After two years of COVID, many hospitals feel unprepared to manage future crises

An ICU floor at UMass Memorial Hospital in Worcester (Erin Clark/The Boston Globe via Getty Images)
An ICU floor at UMass Memorial Hospital in Worcester. (Erin Clark/The Boston Globe via Getty Images)

Massachusetts hospitals have worked together to manage the COVID pandemic for over two years and have learned to respond quickly to an ever-changing crisis. But many hospital leaders believe they are unprepared to face a future public health emergency.

In a survey from the Massachusetts Health & Hospital Association, slightly fewer than half of hospital leaders  49% — said they felt prepared for the next emergency — whether it’s another disease outbreak, a mass casualty event, climate change-related disaster or something else.

Hospital leaders said they’ve learned lessons from the pandemic, including the importance of setting aside competition and collaborating to weather new challenges.

But they are ill-equipped to face new crises because their workforce is tired and depleted.

Staffing shortages have worsened during the pandemic as droves of health care workers have left their jobs. Hospitals are struggling to find enough doctors, nurses, technicians and other workers.

This is happening as waves of sick patients are seeking medical care, including those who deferred regular screenings and appointments because of concerns about COVID.

Jody White, chief executive of Lowell General Hospital, said the pandemic has exposed the fragility of the health care workforce — and of hospital finances.

“I've never seen staffing shortages like we're seeing right now,” he said.

“We're just so unstable right now, that to take on a whole ‘nother burden of, for example, another pandemic, and to shut off elective surgeries again — one plus one could equal six if we're not careful.”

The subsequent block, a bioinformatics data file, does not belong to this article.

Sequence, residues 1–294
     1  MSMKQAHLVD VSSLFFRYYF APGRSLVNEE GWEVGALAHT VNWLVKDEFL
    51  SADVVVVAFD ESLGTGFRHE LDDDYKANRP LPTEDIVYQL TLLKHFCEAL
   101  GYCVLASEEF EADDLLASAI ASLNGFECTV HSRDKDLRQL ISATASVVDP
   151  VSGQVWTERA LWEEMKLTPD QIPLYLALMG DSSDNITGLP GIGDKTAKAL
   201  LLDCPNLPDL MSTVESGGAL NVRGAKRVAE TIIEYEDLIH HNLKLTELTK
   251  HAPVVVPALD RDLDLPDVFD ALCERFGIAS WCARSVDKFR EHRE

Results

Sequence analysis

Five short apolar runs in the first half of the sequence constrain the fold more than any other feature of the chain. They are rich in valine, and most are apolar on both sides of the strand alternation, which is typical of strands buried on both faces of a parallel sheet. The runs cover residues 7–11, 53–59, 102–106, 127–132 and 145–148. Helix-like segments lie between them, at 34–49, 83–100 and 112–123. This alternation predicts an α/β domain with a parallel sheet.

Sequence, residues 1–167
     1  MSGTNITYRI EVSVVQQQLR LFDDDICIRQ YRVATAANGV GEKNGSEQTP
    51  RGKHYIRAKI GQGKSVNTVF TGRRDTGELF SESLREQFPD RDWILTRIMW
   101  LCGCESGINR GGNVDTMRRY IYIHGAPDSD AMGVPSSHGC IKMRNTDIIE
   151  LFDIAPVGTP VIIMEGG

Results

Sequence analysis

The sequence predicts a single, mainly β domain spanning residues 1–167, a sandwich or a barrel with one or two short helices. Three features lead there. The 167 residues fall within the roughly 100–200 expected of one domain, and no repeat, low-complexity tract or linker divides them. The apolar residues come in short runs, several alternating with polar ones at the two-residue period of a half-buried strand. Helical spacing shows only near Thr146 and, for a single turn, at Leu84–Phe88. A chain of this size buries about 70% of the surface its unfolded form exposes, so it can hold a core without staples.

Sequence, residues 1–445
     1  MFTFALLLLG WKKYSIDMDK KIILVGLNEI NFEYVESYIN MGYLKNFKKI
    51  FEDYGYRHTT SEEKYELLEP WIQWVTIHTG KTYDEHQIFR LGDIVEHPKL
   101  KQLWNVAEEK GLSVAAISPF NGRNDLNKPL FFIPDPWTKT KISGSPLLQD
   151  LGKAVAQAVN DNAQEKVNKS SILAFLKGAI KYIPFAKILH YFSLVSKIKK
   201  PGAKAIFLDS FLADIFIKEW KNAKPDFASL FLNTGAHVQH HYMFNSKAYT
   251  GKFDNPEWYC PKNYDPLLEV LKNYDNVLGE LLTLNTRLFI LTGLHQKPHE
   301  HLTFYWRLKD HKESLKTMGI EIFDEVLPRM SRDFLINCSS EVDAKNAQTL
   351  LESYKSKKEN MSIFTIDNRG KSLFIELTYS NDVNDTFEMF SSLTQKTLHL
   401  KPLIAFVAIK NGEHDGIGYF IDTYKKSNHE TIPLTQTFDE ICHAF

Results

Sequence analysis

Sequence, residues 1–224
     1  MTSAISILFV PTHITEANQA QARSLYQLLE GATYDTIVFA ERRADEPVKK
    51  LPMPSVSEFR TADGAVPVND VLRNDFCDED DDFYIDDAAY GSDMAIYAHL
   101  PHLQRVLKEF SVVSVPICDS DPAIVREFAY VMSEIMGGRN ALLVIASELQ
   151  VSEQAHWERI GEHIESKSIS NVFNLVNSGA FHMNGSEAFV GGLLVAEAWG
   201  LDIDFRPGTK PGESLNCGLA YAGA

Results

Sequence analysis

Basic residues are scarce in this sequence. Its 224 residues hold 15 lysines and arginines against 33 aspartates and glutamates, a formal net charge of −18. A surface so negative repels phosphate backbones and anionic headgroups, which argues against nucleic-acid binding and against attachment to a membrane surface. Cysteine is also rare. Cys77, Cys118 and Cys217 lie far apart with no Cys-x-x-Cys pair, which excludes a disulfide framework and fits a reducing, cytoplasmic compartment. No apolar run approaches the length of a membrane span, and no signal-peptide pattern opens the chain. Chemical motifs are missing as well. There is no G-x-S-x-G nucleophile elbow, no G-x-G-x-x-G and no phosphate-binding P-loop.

The hospital association’s report, released Wednesday, also said public officials should work to improve supply chains to ensure that health care facilities don’t fall dangerously low on stores of personal protective equipment, such as high-quality masks and gowns, during a future emergency.

It also stressed the need for hospitals and the state to continue close communication in times of crisis.

But the most critical challenge, hospital leaders told WBUR, is attracting and retaining staff. One idea is a statewide campaign to recruit a new generation of health care workers, said Valerie Fleishman, chief innovation officer at the hospital association.

Another is to launch loan forgiveness or tuition reimbursement programs that make it more affordable for people to start careers in health care.

“Addressing the workforce challenges — we have to do that to prepare ourselves for the next public health emergency,” Fleishman said.


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Priyanka Dayal McCluskey Senior Health Reporter
Priyanka Dayal McCluskey is a senior health reporter for WBUR.



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